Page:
Denis Villeneuve directs Hugh Jackman, Jake Gyllenhaal and Paul Dano in this grim thriller where a set of parents make dehumanising choices after their children go missing and the police release their only suspect.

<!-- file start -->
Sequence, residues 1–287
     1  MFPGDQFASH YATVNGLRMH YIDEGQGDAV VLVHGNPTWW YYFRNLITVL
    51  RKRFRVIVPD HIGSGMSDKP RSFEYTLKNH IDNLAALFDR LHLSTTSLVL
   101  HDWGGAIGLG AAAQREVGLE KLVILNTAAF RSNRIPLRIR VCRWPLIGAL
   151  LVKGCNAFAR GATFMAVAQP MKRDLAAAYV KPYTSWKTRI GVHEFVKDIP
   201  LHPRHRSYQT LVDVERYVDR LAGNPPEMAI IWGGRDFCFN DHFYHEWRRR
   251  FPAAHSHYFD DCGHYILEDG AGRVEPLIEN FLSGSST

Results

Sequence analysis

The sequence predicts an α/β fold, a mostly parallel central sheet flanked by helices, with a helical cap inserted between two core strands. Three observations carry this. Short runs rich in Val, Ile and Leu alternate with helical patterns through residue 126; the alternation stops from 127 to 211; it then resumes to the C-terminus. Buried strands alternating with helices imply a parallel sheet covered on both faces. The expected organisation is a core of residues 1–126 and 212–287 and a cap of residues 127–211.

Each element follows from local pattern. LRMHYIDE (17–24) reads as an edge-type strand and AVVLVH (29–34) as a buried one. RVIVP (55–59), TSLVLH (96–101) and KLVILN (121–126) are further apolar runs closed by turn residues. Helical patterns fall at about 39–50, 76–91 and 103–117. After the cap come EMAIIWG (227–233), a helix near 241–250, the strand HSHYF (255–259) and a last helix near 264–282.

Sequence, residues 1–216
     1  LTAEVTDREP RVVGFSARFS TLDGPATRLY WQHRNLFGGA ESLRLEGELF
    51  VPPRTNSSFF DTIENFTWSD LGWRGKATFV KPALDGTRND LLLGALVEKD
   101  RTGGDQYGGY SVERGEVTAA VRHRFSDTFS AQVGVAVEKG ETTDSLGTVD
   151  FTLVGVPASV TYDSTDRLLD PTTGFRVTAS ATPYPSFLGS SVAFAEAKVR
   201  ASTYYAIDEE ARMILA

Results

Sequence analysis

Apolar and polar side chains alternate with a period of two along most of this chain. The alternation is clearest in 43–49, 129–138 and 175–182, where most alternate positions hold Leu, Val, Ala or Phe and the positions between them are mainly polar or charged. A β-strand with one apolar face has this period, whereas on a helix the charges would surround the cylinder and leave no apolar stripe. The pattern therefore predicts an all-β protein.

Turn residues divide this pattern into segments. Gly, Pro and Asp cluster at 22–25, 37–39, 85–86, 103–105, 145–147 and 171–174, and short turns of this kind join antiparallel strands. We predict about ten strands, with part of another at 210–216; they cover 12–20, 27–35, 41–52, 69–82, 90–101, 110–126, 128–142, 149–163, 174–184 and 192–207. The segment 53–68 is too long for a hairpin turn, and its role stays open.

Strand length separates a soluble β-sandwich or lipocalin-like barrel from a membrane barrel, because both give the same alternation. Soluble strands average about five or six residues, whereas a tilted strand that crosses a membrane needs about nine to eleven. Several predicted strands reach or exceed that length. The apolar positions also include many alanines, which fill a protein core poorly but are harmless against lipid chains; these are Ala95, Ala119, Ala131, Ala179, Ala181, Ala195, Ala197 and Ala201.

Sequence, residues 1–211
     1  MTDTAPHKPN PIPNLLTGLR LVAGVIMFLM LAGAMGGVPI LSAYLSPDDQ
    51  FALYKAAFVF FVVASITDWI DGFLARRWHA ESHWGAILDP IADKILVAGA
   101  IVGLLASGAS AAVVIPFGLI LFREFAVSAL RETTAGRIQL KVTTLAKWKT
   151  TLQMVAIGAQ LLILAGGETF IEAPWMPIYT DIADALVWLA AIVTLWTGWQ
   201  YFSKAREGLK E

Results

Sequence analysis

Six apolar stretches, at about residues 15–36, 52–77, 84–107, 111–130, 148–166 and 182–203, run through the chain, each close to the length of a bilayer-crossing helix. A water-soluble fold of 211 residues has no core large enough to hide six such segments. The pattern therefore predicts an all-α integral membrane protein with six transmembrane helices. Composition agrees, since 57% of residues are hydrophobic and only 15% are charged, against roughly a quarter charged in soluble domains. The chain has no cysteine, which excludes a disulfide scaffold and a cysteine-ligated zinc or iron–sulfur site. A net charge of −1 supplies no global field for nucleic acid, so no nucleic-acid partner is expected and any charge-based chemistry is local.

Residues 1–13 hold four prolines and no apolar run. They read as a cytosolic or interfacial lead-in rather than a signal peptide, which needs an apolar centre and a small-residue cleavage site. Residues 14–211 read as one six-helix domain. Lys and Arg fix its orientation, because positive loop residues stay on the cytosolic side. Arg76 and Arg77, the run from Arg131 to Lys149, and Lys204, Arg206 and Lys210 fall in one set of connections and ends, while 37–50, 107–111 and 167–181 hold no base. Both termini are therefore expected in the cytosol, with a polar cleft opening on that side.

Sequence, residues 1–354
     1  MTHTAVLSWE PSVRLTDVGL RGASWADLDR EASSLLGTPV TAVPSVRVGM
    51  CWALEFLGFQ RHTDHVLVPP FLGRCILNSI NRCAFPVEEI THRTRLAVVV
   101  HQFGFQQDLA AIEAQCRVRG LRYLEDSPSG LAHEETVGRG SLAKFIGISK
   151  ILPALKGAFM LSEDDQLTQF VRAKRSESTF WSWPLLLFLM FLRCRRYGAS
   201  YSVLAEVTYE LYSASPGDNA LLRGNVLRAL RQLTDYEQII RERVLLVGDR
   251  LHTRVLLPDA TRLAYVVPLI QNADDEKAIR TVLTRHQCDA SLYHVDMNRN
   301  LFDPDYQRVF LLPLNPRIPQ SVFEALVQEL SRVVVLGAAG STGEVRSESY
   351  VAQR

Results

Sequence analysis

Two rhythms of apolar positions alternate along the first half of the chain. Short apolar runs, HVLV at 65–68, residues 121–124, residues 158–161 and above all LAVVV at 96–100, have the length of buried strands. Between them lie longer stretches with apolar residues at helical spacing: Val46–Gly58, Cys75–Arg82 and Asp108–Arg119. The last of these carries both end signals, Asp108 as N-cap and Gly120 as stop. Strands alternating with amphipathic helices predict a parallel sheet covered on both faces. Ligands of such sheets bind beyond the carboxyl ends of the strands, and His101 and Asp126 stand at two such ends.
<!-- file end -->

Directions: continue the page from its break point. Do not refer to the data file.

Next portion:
Villeneuve is clearly a fine filmmaker. He approaches his cinematic storytelling with patient mastery, both unshowy yet confidently deliberate. He imbues his genre works with a craft that elevates them up out of being mere entertainments. And Prisoners, like all his other projects, skirts around some unwieldy issues without ever letting them consume the narrative propulsion. Faith, grief, child abuse, vigilantism, torture, truth, alcoholism, class and parenting are all explored in their darkest aspects. He wrings out committed, subtle performances from an enviable mix of big name stars and A-game supporting actors (Dano is excellently creepy). The film has small scale set pieces that grip and motor the generous running time. The thickly tangled mysteries and twists surprise though make sense as they unravel. And yet… and yet… the film leaves me cold. Both watches I appreciated the top to bottom quality of the production, the sensitive exploitation of the risky subject matter and the intelligence with which the ideas were batted about. Yet I just can’t get attached to Prisoners beyond deserved respect. An unjustifiable forcefield exists that stops the film from touching me, provoking me. Happened at the cinema, happened here on an open minded revisit. It is a movie that does everything right, except win me over. I’m left watching a daring formal exercise that doesn’t put a foot wrong, that should be my kind of cinema, wondering why I care so little about it… during and after.